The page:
Gary and I were thinking along the same lines when we both marveled about having met each other on one of Jim Klobuchar’s annual June bike trips and soon after, traveled together on the trek in Nepal in 2009.

That trip was one of the reasons I had my long hair put into dreadlocks and it was the catalyst for my starting this blog. I’ve been posting every day ever since.

The dreadlocks, though I miss them in many ways, didn’t last as long.

David took this shot of me overlooking Namche Bazaar

David Piper took this shot of me overlooking Namche Bazaar

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Written by johnwhays

March 5, 2015 at 7:00 am

Stone Work

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I’ve found myself thinking about Nepal and the Himalayan mountains lately. What better way to honor that special place again than with a few shots of rocks? One is a cairn that existed long before I wandered up to take a picture. It is draped with prayer flags that weren’t catching much wind. The other is a rock I balanced during a session of play along the Dudh Kosi river while my friendly Sherpa, Lakpa, watched over me from above. There’s many a day I wish I could just step through a door and be on those trails in that region again.

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Written by johnwhays

January 25, 2012 at 7:00 am

Posted in Images Captured

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Nepal Thoughts

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April is the time of year when I traveled to Nepal. That was a couple of years ago now. It is on my mind a lot this year because I have friends who are currently on a trek similar to mine. When I think back on my trip, and revisit some of the photos I took, the feeling I get is that the whole experience was more than I could absorb. I lived it, but it was more than I could grasp, even as I stood there breathing it in. Looking at the images again, somehow brings back vague hints of the vastness of experience. It almost feels as if the parts of that adventure that were beyond my ability to fully grasp in the moment, were not lost to that moment. Even though I couldn’t fully process it all, it still became part of me. The aspect of the trek that was beyond my comprehension still colors the portion of my life that is the event. The mystery moves forward within me. The same thing probably applies to many such adventures, but to me, it just seems so fitting for an experience in Nepal.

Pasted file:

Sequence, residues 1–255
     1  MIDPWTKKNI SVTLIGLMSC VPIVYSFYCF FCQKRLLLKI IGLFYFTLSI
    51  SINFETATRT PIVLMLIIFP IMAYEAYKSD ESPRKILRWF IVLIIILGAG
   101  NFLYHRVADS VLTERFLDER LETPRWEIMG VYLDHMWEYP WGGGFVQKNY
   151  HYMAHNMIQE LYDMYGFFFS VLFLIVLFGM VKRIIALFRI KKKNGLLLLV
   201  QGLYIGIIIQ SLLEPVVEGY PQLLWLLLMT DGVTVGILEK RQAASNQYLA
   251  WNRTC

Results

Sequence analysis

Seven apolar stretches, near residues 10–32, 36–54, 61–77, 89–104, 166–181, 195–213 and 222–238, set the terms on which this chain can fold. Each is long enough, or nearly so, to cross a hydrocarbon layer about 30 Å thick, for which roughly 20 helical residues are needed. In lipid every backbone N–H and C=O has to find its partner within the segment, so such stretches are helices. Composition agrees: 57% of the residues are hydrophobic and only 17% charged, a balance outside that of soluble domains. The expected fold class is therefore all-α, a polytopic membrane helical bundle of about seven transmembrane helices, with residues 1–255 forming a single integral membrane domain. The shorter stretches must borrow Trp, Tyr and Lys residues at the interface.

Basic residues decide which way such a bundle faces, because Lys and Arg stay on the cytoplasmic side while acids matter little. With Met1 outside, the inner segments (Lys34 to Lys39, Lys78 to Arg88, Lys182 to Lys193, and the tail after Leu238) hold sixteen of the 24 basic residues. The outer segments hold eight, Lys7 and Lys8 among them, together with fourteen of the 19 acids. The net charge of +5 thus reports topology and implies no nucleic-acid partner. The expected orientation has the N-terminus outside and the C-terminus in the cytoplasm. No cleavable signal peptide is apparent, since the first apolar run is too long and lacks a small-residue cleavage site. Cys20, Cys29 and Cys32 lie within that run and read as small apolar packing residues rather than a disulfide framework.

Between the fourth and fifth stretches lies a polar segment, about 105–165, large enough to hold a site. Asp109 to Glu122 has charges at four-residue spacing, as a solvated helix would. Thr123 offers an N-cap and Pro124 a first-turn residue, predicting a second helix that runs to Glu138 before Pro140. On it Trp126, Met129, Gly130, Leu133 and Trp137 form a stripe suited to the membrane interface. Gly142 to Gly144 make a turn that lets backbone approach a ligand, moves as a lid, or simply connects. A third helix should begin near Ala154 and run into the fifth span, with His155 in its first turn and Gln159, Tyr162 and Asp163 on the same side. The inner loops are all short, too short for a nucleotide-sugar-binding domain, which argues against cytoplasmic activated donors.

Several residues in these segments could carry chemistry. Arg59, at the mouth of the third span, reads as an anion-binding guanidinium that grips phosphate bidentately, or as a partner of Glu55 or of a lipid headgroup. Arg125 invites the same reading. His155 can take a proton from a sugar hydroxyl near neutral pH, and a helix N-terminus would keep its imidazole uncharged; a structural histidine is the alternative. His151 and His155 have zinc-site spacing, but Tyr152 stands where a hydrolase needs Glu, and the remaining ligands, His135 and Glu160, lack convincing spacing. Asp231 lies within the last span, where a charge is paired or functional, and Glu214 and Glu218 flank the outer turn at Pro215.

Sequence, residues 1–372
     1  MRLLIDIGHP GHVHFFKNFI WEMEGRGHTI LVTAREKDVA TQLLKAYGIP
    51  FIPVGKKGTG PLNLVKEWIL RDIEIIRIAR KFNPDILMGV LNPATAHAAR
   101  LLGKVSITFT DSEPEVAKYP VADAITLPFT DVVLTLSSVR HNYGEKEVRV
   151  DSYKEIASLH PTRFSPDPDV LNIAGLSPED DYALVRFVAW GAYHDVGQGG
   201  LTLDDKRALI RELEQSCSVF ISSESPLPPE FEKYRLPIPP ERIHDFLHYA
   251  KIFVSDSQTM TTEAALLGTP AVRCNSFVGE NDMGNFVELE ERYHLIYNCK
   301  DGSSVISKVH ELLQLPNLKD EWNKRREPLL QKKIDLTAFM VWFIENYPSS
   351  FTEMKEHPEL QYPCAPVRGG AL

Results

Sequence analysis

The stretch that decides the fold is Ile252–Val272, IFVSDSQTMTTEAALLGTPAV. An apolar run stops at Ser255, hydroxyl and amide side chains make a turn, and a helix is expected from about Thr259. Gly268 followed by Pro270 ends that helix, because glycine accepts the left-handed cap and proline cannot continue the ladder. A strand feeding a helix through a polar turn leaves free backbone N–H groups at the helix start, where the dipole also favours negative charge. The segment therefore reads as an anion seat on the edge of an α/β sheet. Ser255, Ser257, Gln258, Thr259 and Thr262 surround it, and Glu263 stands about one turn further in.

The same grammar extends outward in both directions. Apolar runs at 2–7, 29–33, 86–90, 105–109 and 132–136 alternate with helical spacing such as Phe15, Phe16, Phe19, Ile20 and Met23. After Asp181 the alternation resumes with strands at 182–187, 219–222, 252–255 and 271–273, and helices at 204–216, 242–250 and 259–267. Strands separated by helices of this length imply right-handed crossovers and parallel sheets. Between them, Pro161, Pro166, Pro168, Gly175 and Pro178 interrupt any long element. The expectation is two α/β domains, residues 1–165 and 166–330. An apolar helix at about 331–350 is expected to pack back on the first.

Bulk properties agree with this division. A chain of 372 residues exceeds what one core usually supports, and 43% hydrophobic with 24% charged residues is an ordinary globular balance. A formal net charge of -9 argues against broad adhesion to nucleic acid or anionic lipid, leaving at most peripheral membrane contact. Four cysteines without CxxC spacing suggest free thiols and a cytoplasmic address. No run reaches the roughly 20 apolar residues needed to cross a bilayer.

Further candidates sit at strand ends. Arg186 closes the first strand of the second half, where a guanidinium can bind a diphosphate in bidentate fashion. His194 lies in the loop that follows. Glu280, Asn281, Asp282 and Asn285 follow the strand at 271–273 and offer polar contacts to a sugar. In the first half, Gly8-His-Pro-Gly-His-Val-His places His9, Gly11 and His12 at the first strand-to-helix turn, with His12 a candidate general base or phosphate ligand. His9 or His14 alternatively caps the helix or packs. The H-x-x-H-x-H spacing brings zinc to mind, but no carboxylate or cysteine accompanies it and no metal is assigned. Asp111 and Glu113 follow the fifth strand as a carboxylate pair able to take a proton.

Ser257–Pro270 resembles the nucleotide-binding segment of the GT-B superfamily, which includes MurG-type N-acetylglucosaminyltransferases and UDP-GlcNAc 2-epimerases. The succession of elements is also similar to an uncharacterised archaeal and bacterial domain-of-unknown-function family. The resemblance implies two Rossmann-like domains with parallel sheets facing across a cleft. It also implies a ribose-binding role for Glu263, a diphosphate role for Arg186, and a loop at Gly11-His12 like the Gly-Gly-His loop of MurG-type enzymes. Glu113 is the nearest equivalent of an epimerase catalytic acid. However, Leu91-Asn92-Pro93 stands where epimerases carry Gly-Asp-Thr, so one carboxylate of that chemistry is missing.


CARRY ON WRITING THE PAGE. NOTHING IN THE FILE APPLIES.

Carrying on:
Written by johnwhays

April 29, 2011 at 7:00 am

A Calamity

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Two days ago I was thrown back to memories of my travels in Nepal when I learned that Jim Klobuchar’s Adventures has scheduled another trip to the Himalayas for April, 2011. It is tempting to think about the possibility of returning to that place of my greatest adventure. Then, yesterday’s news alerted me to a tragedy that just occurred there, related all too closely to those same memories I was just enjoying.

One of the small planes that shuttles trekkers and mountain climbers to the high peaks, crashed, killing all 14 people on board. They had taken off from Kathmandu, headed for the crazy landing strip at Lukla, and were forced to turn back when visibility diminished. The first day that my group was scheduled to make that same flight, back in 2009, the group just ahead of us had the same experience. They were in the air, but had to turn around and come back. We never even boarded a plane that day. If they aren’t able to fly, you go back to a hotel and try again the next day.

We luckily made it out the very next day. While it was happening, I experienced brief moments of trepidation, but the glory and wonder of the Himalayan Mountains and the sheer excitement of the exotic adventure overruled any fears I was experiencing. But our flight didn’t have any problems.